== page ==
The second panel we saw, Happily Ever After?, brought the discussion to a YA level with authors Jenny Han, Sara Shepherd and Lauren Oliver.  All of their books (Pretty Little Liars included, by the way) deal with the drama and growing pains of teenage girl-hood. So, with a panel full of adult authors who spend their days reflecting on adolescence, it begged to ask the classic question: are people always doomed to play the part they were in high school?

Again, the panel felt the same way I did: not… really. It is true that some people never grow up from the petty social behavior that plagues every high school (case in point: Bachelor Pad). But I think life allows too many opportunities to change your stripes if you want to. In high school, I was cast as a “good girl” and flew under the radar (looking back, I have no problem with this!). But even though I felt like I stayed the same person, I was perceived differently in college… and I played a much more public role. Maybe it was a change in confidence, or maybe just a change of scenery… but I certainly haven’t been my high school stereotype since the day I left Concord.  Hopefully, that’s how it is for most people!

Anyway, by 3 PM, I’d had enough reliving my childhood and standing in the rain… it was time to go home and curl up with a good book!  Until next year, when I will actually plan to go to these things…

What’s Hot… And What’s Not: Current Trends In Children’s Book Publishing

Last night after work, I remembered to head to midtown for the latest panel put on by the Children’s Book Group of the Author’s Guild – and I wasn’t disappointed.  Author and chair Rachel Vail moderated to a packed crowd at the Scandinavia House on 38th St, to discuss “What’s Hot And What’s Not: Current Trends In Children’s Book Publishing”.  Aka . . . vampires.  

Authors and enthusiasts of all ages came to hear Kim Brown, VP of Merchandise, Barnes and Noble; Lisa Desimini, author/illustrator; David Levithan, author of Nick And Norah’s Infinite Playlist and Exec. Editorial Director at Scholastic; and Marcia Wernick, literary agent at Sheldon Fogelman.  With these bigwigs speaking, it’s not surprising that I picked up a LOT of good info.  Here’s what they had to say . . . 

Kim Brown got things rolling with a quick run-down of, literally, what is selling (and she’s buying!).  If it’s pink, purple, and sparkly – it’s selling.  If it’s dark, purple, and is a vampire book – it’s selling.  In a nutshell.

Lisa Desimini gave a refreshing, and to me, the most relatable, perspective.  She encouraged her fellow authors to not simply jump on every trend that is selling at the moment because, by the time you try to ride the wave, it’ll be over.  Instead, follow your heart and your taste, and just be open to new challenges (like her bestseller, Dog The Fire Dog).   But, speaking of vampires, she does the covers for the True Blood series.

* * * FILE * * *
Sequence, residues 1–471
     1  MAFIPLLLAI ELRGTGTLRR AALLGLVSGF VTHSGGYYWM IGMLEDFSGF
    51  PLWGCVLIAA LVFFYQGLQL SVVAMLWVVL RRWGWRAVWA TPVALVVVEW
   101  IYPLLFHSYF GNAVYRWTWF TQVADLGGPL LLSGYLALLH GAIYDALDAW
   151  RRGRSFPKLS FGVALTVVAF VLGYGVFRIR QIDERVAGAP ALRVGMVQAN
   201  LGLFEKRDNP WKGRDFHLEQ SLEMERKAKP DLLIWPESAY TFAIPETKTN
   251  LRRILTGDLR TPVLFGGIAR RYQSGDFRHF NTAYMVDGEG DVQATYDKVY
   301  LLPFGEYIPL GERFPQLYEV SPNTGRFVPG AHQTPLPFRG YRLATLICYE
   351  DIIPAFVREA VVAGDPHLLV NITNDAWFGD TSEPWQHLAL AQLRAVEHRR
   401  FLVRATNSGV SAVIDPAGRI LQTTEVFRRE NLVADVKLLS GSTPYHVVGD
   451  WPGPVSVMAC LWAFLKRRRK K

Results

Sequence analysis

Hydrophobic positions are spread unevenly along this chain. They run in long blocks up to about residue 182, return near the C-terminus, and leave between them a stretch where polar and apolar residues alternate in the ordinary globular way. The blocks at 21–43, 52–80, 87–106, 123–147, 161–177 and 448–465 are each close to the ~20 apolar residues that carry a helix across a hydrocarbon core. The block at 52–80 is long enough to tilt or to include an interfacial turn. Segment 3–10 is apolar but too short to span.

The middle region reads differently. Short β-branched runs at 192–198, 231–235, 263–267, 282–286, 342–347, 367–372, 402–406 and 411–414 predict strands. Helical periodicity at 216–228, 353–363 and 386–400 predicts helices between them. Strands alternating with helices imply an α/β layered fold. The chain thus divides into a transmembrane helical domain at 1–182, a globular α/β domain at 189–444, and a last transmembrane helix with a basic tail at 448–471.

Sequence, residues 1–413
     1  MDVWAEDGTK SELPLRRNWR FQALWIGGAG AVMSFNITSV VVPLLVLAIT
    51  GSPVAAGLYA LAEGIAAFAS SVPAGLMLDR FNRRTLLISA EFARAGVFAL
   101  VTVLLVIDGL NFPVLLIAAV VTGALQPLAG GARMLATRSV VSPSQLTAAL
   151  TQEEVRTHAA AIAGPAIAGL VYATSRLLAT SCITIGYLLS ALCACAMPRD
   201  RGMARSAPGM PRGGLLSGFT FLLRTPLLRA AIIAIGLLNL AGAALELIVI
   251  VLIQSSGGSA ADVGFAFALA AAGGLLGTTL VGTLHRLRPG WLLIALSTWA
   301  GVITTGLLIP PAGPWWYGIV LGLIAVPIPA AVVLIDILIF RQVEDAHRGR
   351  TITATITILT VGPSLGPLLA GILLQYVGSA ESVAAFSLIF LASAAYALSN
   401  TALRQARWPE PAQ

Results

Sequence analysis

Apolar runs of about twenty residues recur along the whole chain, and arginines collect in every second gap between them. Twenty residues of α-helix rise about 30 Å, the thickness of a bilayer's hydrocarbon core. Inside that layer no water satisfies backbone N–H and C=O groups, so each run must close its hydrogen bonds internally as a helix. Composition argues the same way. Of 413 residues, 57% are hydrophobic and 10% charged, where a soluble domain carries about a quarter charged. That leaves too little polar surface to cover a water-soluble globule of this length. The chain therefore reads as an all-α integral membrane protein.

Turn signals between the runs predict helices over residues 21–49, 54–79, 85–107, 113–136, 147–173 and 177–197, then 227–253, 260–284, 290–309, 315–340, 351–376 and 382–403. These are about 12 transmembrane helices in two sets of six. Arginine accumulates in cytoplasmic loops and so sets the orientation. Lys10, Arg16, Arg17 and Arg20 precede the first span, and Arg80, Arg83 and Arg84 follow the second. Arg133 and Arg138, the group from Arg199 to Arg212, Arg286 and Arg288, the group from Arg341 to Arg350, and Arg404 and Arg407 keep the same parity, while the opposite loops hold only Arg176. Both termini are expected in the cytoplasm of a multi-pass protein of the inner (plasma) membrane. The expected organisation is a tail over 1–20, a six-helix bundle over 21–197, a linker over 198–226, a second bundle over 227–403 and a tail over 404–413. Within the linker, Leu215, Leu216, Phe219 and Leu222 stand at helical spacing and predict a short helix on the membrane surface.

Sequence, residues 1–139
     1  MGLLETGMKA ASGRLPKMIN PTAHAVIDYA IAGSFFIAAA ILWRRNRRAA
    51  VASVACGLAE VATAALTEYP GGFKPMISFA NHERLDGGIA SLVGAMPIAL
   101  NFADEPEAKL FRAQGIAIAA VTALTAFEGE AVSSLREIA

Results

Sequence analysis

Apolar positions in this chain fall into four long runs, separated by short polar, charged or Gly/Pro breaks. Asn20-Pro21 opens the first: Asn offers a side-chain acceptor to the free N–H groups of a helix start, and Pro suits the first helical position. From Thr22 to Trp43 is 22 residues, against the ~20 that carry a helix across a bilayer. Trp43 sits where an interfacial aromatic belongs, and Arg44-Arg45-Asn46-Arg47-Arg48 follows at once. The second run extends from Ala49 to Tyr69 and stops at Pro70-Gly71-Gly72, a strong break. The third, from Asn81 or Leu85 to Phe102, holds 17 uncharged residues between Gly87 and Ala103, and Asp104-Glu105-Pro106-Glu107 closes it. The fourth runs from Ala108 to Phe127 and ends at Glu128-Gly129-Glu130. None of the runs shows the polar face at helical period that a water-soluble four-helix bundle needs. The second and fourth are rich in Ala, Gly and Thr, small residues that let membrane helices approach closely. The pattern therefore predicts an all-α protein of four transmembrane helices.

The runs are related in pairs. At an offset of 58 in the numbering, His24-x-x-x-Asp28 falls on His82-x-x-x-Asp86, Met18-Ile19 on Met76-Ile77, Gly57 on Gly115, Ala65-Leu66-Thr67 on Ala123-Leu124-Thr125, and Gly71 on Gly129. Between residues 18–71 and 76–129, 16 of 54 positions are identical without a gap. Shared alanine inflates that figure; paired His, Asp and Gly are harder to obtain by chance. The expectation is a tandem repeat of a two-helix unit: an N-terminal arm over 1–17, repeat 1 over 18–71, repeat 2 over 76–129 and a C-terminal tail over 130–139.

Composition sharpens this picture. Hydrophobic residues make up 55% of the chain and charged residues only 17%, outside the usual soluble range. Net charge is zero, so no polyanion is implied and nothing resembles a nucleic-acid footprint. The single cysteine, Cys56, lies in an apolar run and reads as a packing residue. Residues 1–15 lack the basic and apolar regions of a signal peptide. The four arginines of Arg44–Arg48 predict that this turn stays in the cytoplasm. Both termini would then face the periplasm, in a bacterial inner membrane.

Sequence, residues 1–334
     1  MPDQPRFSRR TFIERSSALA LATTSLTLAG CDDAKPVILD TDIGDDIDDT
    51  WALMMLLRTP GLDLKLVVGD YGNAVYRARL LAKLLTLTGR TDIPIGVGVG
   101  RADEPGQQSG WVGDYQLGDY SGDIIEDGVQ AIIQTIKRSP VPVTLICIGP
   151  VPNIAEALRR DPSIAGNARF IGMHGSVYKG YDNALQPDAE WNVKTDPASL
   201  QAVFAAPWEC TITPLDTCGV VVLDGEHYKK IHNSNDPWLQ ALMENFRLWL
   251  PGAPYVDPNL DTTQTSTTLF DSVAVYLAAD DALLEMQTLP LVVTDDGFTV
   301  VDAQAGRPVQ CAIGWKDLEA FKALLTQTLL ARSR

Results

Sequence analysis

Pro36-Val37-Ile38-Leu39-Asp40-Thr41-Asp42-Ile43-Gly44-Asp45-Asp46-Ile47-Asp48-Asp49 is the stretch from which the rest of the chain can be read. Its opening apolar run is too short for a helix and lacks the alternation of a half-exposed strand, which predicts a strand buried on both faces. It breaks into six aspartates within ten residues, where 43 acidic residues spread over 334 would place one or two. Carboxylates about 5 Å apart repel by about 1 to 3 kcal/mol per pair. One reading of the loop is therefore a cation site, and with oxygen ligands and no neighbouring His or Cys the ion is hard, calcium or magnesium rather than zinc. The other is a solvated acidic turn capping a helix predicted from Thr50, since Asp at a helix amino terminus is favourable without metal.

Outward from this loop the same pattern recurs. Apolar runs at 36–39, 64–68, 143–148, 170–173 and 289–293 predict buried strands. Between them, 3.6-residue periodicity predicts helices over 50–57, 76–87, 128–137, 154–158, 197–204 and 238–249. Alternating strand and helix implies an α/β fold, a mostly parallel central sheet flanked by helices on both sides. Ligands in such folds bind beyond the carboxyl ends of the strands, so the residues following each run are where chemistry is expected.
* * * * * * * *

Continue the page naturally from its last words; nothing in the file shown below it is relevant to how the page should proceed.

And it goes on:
Next, lone male David Levithan took the publisher’s point-of-view, and spoke about where new media is going to take the industry.  Essentially, he was encouraging, because even though we are on the brink of major change (like the music industry, circa 2000), technology is not going to replace books – it’s going to give more options to the way that we read, write and learn.  And picture books aren’t going anywhere.  Phew.  

Marcia Wernick wrapped it up with the agent, aka. the middleman’s, story. She said that, regardless of trends, great content, powerful characters, and that magic “hook” will always start the next wave.  

Opening the floor for questions, the conversation turned to the NEXT wave – after vampires – the distopia.  I’ve heard of the book, Hunger Games, that represents that next fad for YA, and I think I better pick it up.  Because, as YA dominates, it crosses over with the trends of adult literature.  Example – 40 year old stockbrokers reading Twilight on the subway.  

Other tidbits of useful information for aspiring authors/illustrators:

1.  GET AN AGENT.  It’s a bunny-eat-bunny world out there.

2.  Make sure you know what rights you are giving away, because the contracts signed today will be the ones in the spotlight when major changes happen in the industry.

3.  Sales figures and awards don’t correlate – so don’t stress about winning Caldecotts any time soon. 

4.  Librarians are Twittering!!   And so is Mo Willem’s pigeon.  And after this talk, so will a lot of little old lady writers.  

5.  Teens rule.  


Prattsters to Watch Out For!


photo by Janelle Fike

photo by Janelle Fike

Last night I had a catered and business card-filled evening working the Pratt Show, an annual event to showcase design grads coming out of Pratt this week!   Despite the customary “who got in?” drama, I was really impressed with the final presentation of Communications Design (COMD) picks.  


For children’s book illustration, the grads to watch out for are: 

Chelsea Greene Lewyta, whose linear+watercolor style looks like it jumped off the cover of an old Harper’s – gone wrong.  Love the macabre themes that she explores against the traditional look – reminds me of Trina Shart Hyman’s Little Red Riding Hood.

I thought the most marketable and fun children’s book illustrator was Patricia Raubo.  Her characters were expressive and entertaining… so I look forward to seeing them in the pages of a book soon!  

Also to check out are design superstars Alex Szymczak, Suraj Gandhi and Janelle Fike, whose Define Yourself project I had the honor of helping out on (see above), and am completely obsessed with!  

For more info and people in the Pratt Show, check out my work blog, Pratt Success.